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This movie won the 1994 Oscar for Best Documentary feature.


Maya Lin's 'Clear Vision'

By Linton Weeks
Washington Post Staff Writer
October 20, 1995

When the design for the Vietnam Veterans Memorial was unveiled in 1981, some people praised its healing qualities, its accessibility, its quiet power. Others called it a black bat, a boomerang, a hole in the ground. One vexed vet lost his cool before the U.S. Commission of Fine Arts and branded it nothing but a big, black scar. "It's insulting and demeaning," he snarled.

In the finely crafted documentary about the memorial's architect, "Maya Lin: A Strong Clear Vision," we are reminded of the chasm the memorial created between those who saw it as a salve and those who saw it as a salvo. And we learn about the life and work of one of the most provocative artists in 20th-century America.

The film won the Academy Award for Best Achievement in Feature Documentary in 1995, but is only now being shown commercially in Washington. Directed by Freida Lee Mock ("Rose Kennedy: A Life to Remember") and produced by Mock and Terry Sanders, it follows Lin from the time she first heard about the national competition as a Yale undergraduate to the 10th anniversary of the memorial in 1992. In those 12 years, we see Lin mature. But we are left with the sense that from the very beginning she knew exactly what she wanted to do.

Hers was a radical notion for a monument on the mall -- a sunken wall, cold, horizontal and black, etched with the names of more than 57,000 dead soldiers. At the announcement ceremony in the spring of 1981, Jan Scruggs, a veteran and prime force behind the memorial, leaned over the microphone in front of a shy, giggling Lin and said, "I'd like to point out that really the finest architects in the country and some of the highest-priced architecture firms in the country did enter this competition. And they lost." They lost to a 20-year-old kid from Athens, Ohio, the daughter of Chinese immigrants. Maya Lin's story is the stuff that American dreams, and documentaries, are made of.

Using old footage, Mock revisits the divisive debate which included vehement opposition from the likes of media personality-turned-presidential-candidate Pat Buchanan.

As people lashed out at her design at a U.S. Commission of Fine Arts hearing, Lin sat in the room neither smiling nor frowning -- stoic, quiet, like a granite wall. She seemed so young, yet so unwavering in her conviction.

"Imagine the courage that took," said architectural historian Vincent Scully, Lin's professor at Yale. "The fiber. The word for Maya is courage. And effrontery."

At one point she says, "An artist struggles to retain the integrity of a work so that it remains a strong, clear vision."

Lin opines on-camera often -- too often -- in the film. The narrative of her life and work is interspliced with shots of her sitting on a stool talking about her work or in a turtleneck hunched over her drafting table, gooseneck lamps overhead, cold drink nearby. Though she speaks eloquently and convincingly about her creations, the power of the movie, as the power of her art, is when things are shown and not explained.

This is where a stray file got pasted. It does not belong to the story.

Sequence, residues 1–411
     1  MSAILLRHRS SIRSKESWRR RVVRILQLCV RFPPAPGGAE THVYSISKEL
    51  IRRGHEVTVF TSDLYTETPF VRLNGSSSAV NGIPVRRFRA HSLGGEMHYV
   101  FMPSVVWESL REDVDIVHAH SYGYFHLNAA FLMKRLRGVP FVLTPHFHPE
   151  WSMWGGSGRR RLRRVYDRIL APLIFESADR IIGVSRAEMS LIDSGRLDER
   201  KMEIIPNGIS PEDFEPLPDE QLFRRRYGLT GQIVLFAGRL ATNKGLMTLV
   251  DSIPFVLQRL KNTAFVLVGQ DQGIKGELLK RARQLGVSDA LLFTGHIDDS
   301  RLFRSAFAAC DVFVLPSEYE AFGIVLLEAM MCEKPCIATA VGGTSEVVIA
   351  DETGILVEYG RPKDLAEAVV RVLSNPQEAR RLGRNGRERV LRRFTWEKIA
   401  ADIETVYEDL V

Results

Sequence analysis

For example, she tells us that when she designed the Vietnam memorial, "I really did mean for people to cry."

In the next scene, we see men standing at the black wall, crying. It is a power-charged moment.

The Vietnam memorial led to more commissions for Lin. She poured 43 tons of broken glass into spaces at the Wexner arts center in Columbus, Ohio. Morris Dees, founder of the Southern Poverty Law Center in Montgomery, Ala., asked Lin to design a Civil Rights Memorial. She read up on civil rights activities -- many events had occurred before she was born. Then she tumbled onto a resonant phrase in Martin Luther King's "I Have a Dream" speech. King said those who fought for racial equality would not be satisfied "until justice rolls like waters and righteousness like a mighty stream."

This passage became the inspiration for a circular fountain in Montgomery that chronicles, like a sundial, the turning points of the civil rights movement. One of the most moving segments of the film occurs when aged, stalwart Rosa Parks is led to the monument. With a steady hand, she runs her fingers across the words "Rosa Parks arrested for refusing to give up her seat on a bus to a white man -- Montgomery, AL."

Little time is spent on Lin's private life. Her mother taught English at Ohio University in Athens. Her father was dean of the arts school. She lived in a sunny, orderly house full of her father's ceramics. Her back yard was surrounded by woods. She had an idyllic upbringing. "I was one of those disgusting little kids who really loved school," she says. Her family had a great respect for creativity.

What makes this documentary so forceful is its great respect for Lin's creativity. Near the end of the film, it's a dreary, drizzly Veterans Day, 1992. A close look at her face shows she's hardened over the years. There are still hints of the joyous, young girl from Yale, but she's been changed, been through the stone cutter, been honed and shaped into something mature and lasting that can coexist with nature.

The man who introduces her says the Vietnam memorial is a space where the living and the dead can meet. Then he gets choked up and backs away. She steps up to the podium and receives a standing ovation. She smiles and apologizes to the crowd. "I didn't really have a speech prepared. I'm not very good at these things at all. Oftentimes, I just let the works speak for themselves."

She says a few more things. A bugler plays taps. Men are crying.

"Maya Lin: A Strong Clear Vision" is not rated.

© Copyright 1997 The Washington Post Company

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